Monday, November 21st, 2011
M83 and Active Child at Lee’s Palace in Toronto
Frank YangA few songs into M83’s performance at Lee’s Palace on Friday night, frontman and mastermind Anthony Gonzalez stepped to the mic and said something to the effect of, “thanks, this is our first time here”. Which was perplexing as it was far from their Toronto debut – it was their fourth time here, the last time being not THAT long ago in November 2008. It wasn’t even their first time playing the venue, as it was where they made their actual first local appearance back in 2005. Maybe he meant his band, though keyboardist/vocalist Morgan Kibby was along the last time out as well so maybe he was talking about his bassist/second guitarist Jordan Lawlor who was most definitely new this time out (he’d have been all of 17 years old during their last tour – did he win the audition?). But probably not. But while it was an odd thing to say on any quantitative level, in a broader, macro sense it felt kind of true.
When they first started getting attention with their 2003 second album Dead Cities, Red Seas & Lost Ghosts, much of it came from old-school shoegaze and dreampop fans who found something familiar and exciting in the walls of sound that Gonzalez and then-collaborater Nicolas Fromageau were crafting, albeit with synthesizers rather than guitars. M83 become Gonzalez solo as of 2005’s Before The Dawn Heals Us and took their sound in a more melodic, vocal-oriented and over-the-top direction, in the process expanding their fanbase beyond those with threadbare Slowdive t-shirts in their closets. Both trends continued with 2008’s technicolour Saturdays=Youth and now, with their double-disc opus of excess Hurry Up, We’re Dreaming, getting bigger has turned into blowing up – this show was sold out for months, scalpers demanding triple digits for ducats and the median age of the audience, by my guesstimate, was about a decade younger than it was in 2005. So not their first visit, technically, but the atmosphere certainly made it feel like a new start.
Support came from Los Angeles’ Active Child, who I’d seen last Fall opening for School Of Seven Bells (who, incidentally, opened up for M83 their last time through). This time out, they had both a proper album out in You Are All I See and a drummer in the fold and either or both of these factors made for a more compelling show. It was still largely stolen by Pat Grossi’s angelic vocals and harp stylings, but their electro-tribal choirboy soul had a lot more cohesiveness this time out, having coalesced from a bunch of interesting ideas into an actual sound.
The M83 narrative may have reached a new plateau with this record and tour, but the show itself remained pretty familiar to those who’d seen them before. Okay, the amount of stage lighting all over the stage was new – it looked like they’d raided a factory outlet for lasers, spots, LED pillars and a starfield backdrop – as was the costumed alien who came out to open the show by way of raised arms. But the rest of it – Gonzalez’s big guitar moves and unrestrained vocals (the man seems to have become perfect hybrid of rock star and celeb DJ), Kibby’s angelic voice as a foil for his (though she’s still billed as a “guest”, it’s hard to imagine M83 live or on record without her presence), the unabashedly grandiose live renderings of songs already filled to the bursting point with grandeur (all without even acknowledging the very concept of irony let alone indulging in it) – were already established hallmarks of the M83 live experience and done as well on this night as any I’ve seen.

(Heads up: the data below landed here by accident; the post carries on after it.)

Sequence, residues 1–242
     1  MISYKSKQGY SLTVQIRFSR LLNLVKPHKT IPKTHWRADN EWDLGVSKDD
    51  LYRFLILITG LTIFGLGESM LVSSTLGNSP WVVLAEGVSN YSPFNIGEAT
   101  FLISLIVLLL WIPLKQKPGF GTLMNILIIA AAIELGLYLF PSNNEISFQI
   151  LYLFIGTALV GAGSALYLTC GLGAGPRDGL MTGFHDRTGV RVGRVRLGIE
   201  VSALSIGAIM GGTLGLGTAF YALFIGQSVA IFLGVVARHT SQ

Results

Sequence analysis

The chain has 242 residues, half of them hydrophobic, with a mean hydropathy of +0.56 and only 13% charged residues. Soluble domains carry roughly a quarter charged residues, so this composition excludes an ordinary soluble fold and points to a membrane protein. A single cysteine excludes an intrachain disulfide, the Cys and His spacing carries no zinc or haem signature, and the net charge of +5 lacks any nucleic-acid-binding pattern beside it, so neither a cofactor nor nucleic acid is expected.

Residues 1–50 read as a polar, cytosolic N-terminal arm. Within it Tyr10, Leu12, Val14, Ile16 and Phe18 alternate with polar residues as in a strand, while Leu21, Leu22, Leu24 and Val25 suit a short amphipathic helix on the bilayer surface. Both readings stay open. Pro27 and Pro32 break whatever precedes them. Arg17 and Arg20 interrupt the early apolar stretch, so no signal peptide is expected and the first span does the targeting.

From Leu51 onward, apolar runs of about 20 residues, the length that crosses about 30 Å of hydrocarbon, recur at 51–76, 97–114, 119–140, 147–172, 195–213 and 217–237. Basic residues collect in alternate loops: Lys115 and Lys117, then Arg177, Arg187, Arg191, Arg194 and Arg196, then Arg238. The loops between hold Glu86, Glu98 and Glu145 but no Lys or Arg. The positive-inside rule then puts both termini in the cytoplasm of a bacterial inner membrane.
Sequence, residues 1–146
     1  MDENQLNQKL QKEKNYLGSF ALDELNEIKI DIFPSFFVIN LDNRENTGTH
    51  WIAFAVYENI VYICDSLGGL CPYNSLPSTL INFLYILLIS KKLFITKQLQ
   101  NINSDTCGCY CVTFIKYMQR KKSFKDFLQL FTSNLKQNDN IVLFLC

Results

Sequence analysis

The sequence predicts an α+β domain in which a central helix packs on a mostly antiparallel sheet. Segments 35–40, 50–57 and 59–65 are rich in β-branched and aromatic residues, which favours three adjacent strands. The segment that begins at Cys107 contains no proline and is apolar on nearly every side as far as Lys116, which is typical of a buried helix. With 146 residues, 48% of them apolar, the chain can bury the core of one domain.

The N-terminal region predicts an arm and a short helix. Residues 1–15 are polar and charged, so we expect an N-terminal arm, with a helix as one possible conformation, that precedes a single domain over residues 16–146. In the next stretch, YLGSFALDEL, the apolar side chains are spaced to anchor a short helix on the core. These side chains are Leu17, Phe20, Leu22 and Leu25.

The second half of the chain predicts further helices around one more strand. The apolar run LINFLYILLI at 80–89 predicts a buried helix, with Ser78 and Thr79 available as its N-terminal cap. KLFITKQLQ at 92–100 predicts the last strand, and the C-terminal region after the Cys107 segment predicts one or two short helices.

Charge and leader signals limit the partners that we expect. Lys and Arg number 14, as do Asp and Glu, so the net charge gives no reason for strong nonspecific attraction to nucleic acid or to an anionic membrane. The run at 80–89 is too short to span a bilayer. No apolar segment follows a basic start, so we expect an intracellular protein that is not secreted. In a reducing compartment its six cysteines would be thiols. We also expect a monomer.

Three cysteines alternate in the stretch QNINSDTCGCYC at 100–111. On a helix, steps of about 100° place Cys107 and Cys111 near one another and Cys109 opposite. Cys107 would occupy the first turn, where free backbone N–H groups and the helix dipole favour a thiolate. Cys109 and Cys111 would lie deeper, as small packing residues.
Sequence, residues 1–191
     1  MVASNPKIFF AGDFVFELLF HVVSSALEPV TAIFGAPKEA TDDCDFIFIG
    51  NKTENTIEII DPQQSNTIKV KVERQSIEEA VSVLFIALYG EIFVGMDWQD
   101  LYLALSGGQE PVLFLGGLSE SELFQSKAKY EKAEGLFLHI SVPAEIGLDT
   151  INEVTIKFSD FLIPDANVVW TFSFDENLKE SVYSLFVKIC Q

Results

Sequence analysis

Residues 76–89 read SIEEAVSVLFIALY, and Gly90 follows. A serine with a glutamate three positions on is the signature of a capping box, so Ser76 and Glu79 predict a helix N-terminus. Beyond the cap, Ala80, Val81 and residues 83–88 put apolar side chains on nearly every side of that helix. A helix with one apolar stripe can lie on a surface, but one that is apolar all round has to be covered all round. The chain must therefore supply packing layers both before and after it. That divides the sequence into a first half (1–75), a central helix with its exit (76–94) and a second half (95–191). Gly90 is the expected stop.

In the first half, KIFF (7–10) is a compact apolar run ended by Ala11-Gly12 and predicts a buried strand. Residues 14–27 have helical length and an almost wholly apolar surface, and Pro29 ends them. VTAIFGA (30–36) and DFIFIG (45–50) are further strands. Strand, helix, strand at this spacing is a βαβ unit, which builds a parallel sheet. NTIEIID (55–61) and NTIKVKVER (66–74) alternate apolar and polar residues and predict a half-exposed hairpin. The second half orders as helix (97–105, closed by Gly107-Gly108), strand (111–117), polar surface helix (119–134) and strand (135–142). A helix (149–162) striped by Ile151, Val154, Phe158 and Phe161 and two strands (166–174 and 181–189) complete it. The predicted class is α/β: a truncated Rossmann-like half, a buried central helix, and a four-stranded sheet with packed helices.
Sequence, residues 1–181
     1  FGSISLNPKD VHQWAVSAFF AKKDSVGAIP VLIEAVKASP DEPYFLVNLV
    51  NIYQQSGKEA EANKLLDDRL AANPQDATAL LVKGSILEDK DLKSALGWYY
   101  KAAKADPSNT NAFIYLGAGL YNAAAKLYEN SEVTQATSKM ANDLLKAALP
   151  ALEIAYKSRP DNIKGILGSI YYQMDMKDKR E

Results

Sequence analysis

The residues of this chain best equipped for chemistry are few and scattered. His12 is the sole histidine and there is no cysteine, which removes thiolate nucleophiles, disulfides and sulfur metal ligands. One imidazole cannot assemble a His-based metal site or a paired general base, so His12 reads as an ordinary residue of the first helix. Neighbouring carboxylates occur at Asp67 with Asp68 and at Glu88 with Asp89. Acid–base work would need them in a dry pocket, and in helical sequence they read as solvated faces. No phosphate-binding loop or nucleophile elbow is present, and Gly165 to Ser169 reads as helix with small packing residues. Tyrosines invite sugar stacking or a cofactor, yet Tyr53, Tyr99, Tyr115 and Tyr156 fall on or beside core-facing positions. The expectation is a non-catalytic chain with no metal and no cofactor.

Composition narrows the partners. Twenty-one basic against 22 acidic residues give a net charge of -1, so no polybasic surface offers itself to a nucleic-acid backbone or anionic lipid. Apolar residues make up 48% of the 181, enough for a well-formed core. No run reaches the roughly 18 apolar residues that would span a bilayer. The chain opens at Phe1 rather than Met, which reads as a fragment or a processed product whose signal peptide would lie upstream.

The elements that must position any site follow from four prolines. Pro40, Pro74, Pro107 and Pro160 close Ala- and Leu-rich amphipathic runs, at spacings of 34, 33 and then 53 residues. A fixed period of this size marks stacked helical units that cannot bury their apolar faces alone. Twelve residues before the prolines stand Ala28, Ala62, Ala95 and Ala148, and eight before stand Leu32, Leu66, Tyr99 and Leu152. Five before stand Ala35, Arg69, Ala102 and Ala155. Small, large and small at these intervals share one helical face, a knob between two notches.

What set this show apart from the previous – and I apologize if I’m repeating myself – was the audience. They were tossing Toronto’s reputation for being stolid right out the window, dancing and waving their arms about with abandon through the whole set, creating a miniature festival vibe of the sort you don’t often see in these parts, at least not at a club show. It’s not a response that Gonzalez would have gotten from his old shoegazing demographic, I’ll tell you that. But he works from a place of memories of his youth, of optimism, of endless possibility – it makes sense that that would resonate most with the young. Or maybe the kids just dug the big beats and cosmic, mind-bendy sounds – watching them get down to the show-closing “Coleurs”, which was more rave than encore, that could have been it.
Photos: M83, Active Child @ Lee’s Palace – November 18, 2011
MP3: Active Child – “You Are All I See”
MP3: Active Child – “Wilderness”
MP3: Active Child – “Body Heat (So Far Away)”
Video: M83 – “Midnight City”
Video: M83 – “We Own The Sky”
Video: M83 – “Graveyard Girl”
Video: M83 – “Kim And Jessie”
Video: M83 – “Teen Angst”
Video: M83 – “Don’t Save Us From The Flames”
Video: M83 – “Run Into Flowers”
Video: M83 – “America”
Video: Active Child – “I’m In Your Church At Night”
Neil Halstead has premiered a video for a new song over at Paste, his contribution to the seasonal This Warm December, A Brushfire Holiday Vol. 2 compilation being put out by his label. Not that this necessarily points to anything new from him solo or Mojave 3, but it’s nice to hear his voice again.
Elbow are presently streaming the video of their recent performance at Manchester Cathedral over at their website. You can also watch a studio performance of “The River” for CBC’s Q below.
Video: Elbow – “The River” (live on Q.